If you have the choice of letting your autistic child stay at home just until they are mature enough to attend kindergarten, are you going to do it? Your answer will be dependent upon some vital factors, which include:

  • Your community’s provisions and open-mindedness to an autistic child
  • Your child’s preferences, needs, and challenges
  • The accessibility of school (or out-of-school) therapists at a rate that you can afford
  • The availability of a proper preschool program
  • Your personal capacity and commitment to work hand in hand with your autistic child on learning and developing social interaction skills.

Home School Advantages And Disadvantages

Advantages: Homeschooling can be suitable for preschoolers with the spectrum. It offers a secure and convenient setting that is customized to your child’s requirements, and it can be an appropriate place for tough therapy that is frequently suggested. Sensory input is controllable, and outlooks remain stable throughout the day. Numerous therapists believe that because home is a familiar setting, it is favorable for learning and that parents make the best teachers and therapists.

Play therapies like floor time and Relationship Development Intervention are commonly provided in a natural setting by parents. Specialized schools and facilities might not even have these types of platforms. If you are offering developmental therapy, then the home setting might be the most appropriate choice.

Disadvantages: Conversely, the option of home care and schooling implies that a person, most probably a parent, must be capable and willing to stay with the autistic toddler at home. So the stay-at-home parent is expected to be incapable of having a regular job, as he will not have the energy and the time to work outside of the house when he has spent most of his time caring for the autistic preschooler. In addition, most kids on the spectrum do well in a very predictable and repetitive setup. If you have other kids or an online job, homeschooling may become chaotic, loud, and erratic.


Perhaps the role of a parent as a home teacher or therapist to a child on the spectrum might not be for everybody. The role typically involves being a therapist during the day, dealing with your child’s behaviors and moods outside the home while going to the parks or when shopping, and being a case manager for the numerous medical professionals and therapists that you might now include in your life. Unfortunately, some parents can efficiently handle this type of challenge, but others find it tough, draining, and depressing.

Preschool Advantages And Disadvantages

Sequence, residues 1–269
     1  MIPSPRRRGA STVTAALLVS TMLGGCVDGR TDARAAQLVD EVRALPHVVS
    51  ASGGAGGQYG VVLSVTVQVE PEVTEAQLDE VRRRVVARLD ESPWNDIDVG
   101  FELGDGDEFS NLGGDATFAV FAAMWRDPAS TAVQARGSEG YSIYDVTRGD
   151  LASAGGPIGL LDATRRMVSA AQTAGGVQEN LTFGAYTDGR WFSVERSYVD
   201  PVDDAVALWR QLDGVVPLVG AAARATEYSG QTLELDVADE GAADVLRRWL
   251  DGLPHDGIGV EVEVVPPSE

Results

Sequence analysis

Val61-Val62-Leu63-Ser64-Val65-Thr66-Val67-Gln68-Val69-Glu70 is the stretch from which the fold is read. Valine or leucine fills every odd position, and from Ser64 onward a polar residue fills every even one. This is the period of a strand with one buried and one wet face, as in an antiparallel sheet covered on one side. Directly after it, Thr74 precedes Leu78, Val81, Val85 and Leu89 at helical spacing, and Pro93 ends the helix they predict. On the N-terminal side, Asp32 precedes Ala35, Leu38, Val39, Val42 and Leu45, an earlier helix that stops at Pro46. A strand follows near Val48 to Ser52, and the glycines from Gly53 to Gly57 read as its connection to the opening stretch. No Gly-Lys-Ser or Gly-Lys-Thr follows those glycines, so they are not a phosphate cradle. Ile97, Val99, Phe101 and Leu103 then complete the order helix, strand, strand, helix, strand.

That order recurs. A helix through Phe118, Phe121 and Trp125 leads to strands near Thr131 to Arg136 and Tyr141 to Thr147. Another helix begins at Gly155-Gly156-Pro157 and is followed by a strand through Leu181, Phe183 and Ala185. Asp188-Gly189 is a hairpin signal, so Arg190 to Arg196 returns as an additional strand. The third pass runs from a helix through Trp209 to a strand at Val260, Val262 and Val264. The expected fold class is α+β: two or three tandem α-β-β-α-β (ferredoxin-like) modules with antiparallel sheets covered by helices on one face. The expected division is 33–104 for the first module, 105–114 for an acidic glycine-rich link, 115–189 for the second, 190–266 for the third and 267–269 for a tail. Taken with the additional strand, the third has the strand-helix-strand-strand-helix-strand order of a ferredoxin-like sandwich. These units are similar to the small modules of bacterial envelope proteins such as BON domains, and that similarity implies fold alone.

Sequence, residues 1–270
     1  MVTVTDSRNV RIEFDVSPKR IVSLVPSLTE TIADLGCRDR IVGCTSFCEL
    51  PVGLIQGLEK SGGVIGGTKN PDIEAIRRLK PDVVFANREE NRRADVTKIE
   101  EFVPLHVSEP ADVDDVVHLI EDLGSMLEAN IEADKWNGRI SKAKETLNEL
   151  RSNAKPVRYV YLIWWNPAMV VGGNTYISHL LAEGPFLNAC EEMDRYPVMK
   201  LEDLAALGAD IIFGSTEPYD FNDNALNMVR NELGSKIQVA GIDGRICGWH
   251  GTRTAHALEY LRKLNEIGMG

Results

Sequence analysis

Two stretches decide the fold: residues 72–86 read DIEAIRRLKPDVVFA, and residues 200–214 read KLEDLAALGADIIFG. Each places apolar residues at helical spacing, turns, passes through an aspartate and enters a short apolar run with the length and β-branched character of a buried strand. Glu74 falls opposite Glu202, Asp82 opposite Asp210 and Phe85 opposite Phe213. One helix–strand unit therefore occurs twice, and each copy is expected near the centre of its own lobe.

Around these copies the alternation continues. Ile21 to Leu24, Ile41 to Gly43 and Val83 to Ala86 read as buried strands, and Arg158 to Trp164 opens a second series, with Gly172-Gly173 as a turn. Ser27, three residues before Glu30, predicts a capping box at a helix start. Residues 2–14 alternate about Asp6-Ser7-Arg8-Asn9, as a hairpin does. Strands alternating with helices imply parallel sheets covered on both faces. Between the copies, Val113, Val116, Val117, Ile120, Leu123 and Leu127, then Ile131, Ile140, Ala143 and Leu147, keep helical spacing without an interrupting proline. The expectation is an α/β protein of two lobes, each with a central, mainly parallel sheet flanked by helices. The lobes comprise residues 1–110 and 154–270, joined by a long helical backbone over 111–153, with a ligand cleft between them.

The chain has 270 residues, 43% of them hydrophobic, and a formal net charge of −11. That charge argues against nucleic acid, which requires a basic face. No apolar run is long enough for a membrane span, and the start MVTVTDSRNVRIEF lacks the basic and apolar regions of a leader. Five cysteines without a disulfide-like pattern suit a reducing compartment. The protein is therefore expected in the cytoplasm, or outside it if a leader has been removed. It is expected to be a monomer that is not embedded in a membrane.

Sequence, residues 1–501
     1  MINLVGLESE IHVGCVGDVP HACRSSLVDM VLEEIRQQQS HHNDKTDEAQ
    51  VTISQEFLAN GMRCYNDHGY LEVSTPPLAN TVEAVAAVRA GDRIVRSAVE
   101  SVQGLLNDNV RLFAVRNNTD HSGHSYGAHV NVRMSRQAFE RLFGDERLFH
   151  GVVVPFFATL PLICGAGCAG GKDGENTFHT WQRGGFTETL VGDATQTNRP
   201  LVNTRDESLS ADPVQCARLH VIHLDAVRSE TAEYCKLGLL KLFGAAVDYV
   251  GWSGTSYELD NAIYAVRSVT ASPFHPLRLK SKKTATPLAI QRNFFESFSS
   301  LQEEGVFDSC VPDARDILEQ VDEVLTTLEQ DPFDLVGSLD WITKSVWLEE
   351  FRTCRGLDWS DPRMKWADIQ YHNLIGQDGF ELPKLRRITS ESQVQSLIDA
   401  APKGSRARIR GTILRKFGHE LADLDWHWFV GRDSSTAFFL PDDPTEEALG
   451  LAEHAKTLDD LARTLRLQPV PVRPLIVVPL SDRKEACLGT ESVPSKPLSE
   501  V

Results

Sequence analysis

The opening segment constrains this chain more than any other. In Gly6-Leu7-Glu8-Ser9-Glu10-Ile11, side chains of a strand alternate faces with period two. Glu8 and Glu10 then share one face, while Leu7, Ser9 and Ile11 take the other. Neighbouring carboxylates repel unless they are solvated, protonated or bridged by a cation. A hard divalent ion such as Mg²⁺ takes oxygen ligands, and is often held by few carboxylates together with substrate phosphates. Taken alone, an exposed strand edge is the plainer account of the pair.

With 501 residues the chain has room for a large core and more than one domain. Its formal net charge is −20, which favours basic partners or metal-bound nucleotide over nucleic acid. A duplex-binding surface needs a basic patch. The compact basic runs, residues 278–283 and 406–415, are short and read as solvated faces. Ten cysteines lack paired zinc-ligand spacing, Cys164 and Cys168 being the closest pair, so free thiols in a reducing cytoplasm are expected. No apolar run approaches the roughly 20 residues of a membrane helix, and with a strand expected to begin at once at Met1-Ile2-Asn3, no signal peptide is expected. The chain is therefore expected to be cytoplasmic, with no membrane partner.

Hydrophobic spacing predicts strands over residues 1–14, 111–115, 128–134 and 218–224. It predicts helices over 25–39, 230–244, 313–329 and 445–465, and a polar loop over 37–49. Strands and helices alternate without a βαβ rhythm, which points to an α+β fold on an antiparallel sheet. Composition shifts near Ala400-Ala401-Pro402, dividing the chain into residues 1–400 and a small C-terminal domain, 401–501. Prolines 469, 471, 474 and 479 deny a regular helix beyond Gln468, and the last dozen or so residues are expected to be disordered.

Advantages: In numerous communities, full or partial-day preschool is accessible and often free to all families. Kids with ASD get academic guidelines as well as some in-school therapy. Many aspects also offer at least some private preschool platforms geared towards kids with special needs. A private preschool might be a good match, depending on your kid’s offerings and needs as well.

Preschools or kindergarten schools also provide a very important benefit to a group of friends and their parents, and that is quite hard to establish from scratch going up if you have a child on the spectrum.

Disadvantages: A preferable preschool setting can be wonderful, but it is also a fact that numerous preschools are far from idyllic. You might notice that your autistic child is getting very little in terms of experience or perhaps having an unpleasant experience. You may realize that the known ‘trained’ personnel are essentially teacher’s assistants who previously attended lectures on Autism Spectrum Disorder. You may also discover that other kids in your child’s circle are less disabled than your child, which makes learning and socializing difficult.

If your autistic child is at a normal preschool, despite early interventions, you might notice that normally developing kids might be less keen to reach out to your child during their school and out-of-school activities and other social events.

Final Thoughts


Regardless of your option (home school or preschool), it is vital to remember that you have the option to change your decision. In fact, you can even choose to try both. There is no definite right or wrong. The decision you make will relate most especially to your family, your place, and definitely, your child. As you take into account your decision, consider these questions:

  • What does the possible parent think about performing the function of a stay-at-home teacher of an autistic child? Would they probably feel fatigued, overwhelmed, or resentful? Or, otherwise, will they feel eager, energized, or encouraged?
  • Can you afford to have one parent stay home and not have a regular job?
  • What do the rest of your kids need? Will managing an autistic preschooler at home take too much of your time and energy that you won’t be able to care for your other kids?
  • If your autistic child is comparatively engaged or social or fits suitably in a prevailing preschool program, it might be better to give it a try. On the other hand, if your child seems to require a lot of personalized therapy, homeschooling would be a more beneficial choice.